Téoréma Bayes

Téorema Bayes mangrupa hasil dina tiori probabiliti, which gives the conditional probability distribution of a variabel acak A given B in terms of the conditional probability distribution of variable B given A and the marginal probability distribution of A alone.

In the context of Bayesian probability theory and statistical inference, the marginal probability distribution of A alone is usually called the prior probability distribution or simply the prior. The conditional distribution of A given the "data" B is called the posterior probability distribution or just the posterior.

As a mathematical theorem, Bayes' théorem is valid regardless of whether one adopts a frequentist or a Bayesian interpretation of probability. However, there is disagreement as to what kinds of variables can be substituted for A and B in the théorem; this topic is tréated at gréater length in the articles on Bayesian probability and frequentist probability.

Historical remarks

Bayes' théorem is named after the Reverend Thomas Bayes (1702–61). Bayes worked on the problem of computing a distribution for the paraméter of a binomial distribution (to use modérn terminology); his work was edited and presented posthumously (1763) by his friend Richard Price, in An Essay towards solving a Problem in the Doctrine of Chances. Bayes' results were replicated and extended by Laplace in an essay of 1774, who apparently was not aware of Bayes' work.

One of Bayes' results (Proposition 5) gives a simple description of conditional probability, and shows that it does not depend on the order in which things occur:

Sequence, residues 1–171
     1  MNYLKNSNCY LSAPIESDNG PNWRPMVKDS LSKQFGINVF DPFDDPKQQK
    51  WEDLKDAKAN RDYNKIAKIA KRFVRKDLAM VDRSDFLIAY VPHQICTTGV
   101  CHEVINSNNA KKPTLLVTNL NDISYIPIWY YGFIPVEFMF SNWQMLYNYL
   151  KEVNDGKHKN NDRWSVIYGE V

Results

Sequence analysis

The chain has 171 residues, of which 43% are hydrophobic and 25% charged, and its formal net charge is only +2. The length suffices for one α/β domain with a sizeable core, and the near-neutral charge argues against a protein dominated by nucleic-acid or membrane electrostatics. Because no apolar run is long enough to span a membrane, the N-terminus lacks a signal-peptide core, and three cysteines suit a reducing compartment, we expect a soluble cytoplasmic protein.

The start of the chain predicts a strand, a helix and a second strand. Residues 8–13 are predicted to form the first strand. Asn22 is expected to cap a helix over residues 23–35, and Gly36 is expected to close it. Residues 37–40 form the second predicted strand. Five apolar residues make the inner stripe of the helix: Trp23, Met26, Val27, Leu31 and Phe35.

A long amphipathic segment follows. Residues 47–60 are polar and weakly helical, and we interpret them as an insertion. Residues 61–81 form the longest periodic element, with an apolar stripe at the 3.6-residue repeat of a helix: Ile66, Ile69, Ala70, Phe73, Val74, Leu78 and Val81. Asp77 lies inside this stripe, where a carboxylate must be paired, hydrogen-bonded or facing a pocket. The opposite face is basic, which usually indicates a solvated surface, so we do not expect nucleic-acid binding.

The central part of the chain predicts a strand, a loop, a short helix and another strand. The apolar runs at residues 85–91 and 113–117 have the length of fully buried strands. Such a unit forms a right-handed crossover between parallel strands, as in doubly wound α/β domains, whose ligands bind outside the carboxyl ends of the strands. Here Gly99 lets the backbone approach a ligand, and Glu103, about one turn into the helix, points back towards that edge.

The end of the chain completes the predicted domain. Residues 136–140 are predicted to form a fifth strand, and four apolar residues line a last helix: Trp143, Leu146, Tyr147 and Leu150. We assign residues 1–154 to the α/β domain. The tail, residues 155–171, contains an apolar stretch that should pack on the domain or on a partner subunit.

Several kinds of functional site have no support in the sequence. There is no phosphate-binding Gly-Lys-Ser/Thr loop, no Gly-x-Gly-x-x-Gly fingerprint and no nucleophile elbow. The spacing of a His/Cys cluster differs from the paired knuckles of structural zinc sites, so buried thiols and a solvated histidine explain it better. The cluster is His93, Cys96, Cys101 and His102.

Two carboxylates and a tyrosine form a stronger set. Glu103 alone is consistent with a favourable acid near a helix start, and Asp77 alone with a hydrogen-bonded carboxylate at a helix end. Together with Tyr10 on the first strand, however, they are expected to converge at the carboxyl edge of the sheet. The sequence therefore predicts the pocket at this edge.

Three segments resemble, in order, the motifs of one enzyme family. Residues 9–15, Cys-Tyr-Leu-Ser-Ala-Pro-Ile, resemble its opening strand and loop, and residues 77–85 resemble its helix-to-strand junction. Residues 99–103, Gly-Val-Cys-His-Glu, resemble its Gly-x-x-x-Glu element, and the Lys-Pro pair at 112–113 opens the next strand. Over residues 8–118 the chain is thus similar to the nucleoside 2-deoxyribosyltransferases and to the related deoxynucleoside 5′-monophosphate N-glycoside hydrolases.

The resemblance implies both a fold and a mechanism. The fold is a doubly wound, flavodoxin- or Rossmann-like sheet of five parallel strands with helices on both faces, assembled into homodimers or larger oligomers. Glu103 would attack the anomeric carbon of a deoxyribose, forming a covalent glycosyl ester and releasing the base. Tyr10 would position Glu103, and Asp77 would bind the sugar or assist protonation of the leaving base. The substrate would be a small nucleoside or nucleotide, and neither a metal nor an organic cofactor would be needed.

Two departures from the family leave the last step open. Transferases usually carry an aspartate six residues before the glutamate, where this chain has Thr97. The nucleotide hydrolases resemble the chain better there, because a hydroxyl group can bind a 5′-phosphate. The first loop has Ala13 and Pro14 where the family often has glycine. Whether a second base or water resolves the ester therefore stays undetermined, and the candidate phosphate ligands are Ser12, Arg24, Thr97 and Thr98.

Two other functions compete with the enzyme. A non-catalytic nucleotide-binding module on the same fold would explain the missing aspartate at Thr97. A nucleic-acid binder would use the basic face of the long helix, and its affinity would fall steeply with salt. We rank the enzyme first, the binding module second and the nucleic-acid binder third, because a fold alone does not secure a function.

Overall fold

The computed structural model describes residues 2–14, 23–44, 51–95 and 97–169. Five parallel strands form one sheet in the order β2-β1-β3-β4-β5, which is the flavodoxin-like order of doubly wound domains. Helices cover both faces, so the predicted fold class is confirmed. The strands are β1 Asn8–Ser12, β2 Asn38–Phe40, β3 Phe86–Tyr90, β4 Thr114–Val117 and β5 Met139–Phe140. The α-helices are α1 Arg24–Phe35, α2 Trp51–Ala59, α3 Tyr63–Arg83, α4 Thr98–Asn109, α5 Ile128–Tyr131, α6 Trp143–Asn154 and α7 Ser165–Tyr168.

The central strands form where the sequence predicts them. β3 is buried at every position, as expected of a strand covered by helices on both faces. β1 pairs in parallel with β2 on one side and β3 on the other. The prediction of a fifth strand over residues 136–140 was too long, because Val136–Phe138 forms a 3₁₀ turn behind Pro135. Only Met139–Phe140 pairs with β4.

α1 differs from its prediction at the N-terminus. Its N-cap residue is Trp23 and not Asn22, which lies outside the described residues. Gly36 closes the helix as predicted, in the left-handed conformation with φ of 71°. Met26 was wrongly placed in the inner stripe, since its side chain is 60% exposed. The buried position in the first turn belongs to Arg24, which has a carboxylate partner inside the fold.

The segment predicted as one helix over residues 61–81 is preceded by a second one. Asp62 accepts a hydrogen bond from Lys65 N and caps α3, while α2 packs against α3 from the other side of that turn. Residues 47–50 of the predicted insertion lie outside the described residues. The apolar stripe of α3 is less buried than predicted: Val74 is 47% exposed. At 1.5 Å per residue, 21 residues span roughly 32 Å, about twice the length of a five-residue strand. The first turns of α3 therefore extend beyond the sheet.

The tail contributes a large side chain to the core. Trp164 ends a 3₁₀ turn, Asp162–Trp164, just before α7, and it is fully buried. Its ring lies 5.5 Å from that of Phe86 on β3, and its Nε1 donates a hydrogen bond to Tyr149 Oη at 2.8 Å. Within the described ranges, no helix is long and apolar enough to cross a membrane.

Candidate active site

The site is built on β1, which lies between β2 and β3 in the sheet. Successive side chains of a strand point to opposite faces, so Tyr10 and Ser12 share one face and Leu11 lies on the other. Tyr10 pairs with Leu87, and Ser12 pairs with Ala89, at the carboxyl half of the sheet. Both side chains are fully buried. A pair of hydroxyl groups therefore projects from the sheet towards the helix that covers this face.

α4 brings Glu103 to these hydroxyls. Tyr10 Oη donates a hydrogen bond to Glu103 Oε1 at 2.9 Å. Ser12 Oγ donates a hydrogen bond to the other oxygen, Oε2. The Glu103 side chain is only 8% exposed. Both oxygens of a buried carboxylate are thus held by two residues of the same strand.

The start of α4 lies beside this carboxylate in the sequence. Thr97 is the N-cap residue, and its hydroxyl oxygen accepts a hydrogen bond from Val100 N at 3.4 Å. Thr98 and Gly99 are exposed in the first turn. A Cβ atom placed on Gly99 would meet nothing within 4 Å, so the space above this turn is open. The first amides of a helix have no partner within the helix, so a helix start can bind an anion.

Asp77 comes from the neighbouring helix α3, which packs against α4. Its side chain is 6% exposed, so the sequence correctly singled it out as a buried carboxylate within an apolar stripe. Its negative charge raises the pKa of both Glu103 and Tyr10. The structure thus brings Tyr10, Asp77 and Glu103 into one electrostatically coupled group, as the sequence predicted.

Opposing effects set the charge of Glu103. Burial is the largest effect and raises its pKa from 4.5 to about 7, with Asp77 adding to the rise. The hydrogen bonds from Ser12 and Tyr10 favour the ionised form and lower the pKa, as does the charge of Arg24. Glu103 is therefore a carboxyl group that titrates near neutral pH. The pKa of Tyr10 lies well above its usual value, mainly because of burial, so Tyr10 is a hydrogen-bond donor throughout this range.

If there be two subsequent events, the probability of the second b/N and the probability of both together P/N, and it being first discovered that the second event has also happened, the probability I am right [i.e. the conditional probability of the first event being true given that the second has happened] is P/b.

The main result (Proposition 9 in the essay) derived by Bayes is the following: assuming a uniform distribution for the prior distribution of the binomial paraméter p, the probability that p is between two values a and b is

where m is the number of observed successes and n the number of observed failures. His preliminary results, in particular Propositions 3, 4, and 5, imply the result now called Bayes' Théorem (as described below), but it does not appéar that Bayes himself emphasized or focused on that result.

What is "Bayesian" about Proposition 9 is that Bayes presented it as a probability for the paraméter p. That is, not only can one compute probabilities for experimental outcomes, but also for the paraméter which governs them, and the same algebra is used to maké inferences of either kind. Interestingly, Bayes actually states his question in a way that might maké the idéa of assigning a probability distribution to a paraméter palatable to a frequentist. He supposes that a billiard ball is thrown at random onto a billiard table, and that the probabilities p and q are the probabilities that subsequent billiard balls will fall above or below the first ball. By making the binomial paraméter p depend on a random event, he cleverly escapes a philosophical quagmire that he most likely was not even aware was an issue.

Other Languages
aragonés: Teorema de Bayes
العربية: مبرهنة بايز
asturianu: Teorema de Bayes
беларуская: Тэарэма Баеса
беларуская (тарашкевіца)‎: Тэарэма Баеса
български: Теорема на Бейс
čeština: Bayesova věta
Ελληνικά: Θεώρημα Μπέυζ
فارسی: قضیه بیز
Gaeilge: Teoirim Bayes
עברית: חוק בייס
magyar: Bayes-tétel
Bahasa Indonesia: Teorema Bayes
íslenska: Formúla Bayes
한국어: 베이즈 정리
lietuvių: Bajeso teorema
Nederlands: Theorema van Bayes
Piemontèis: Fórmola ëd Bayes
português: Teorema de Bayes
Simple English: Bayes' theorem
српски / srpski: Бајесова теорема
svenska: Bayes sats
Türkçe: Bayes teoremi
українська: Теорема Баєса
Tiếng Việt: Định lý Bayes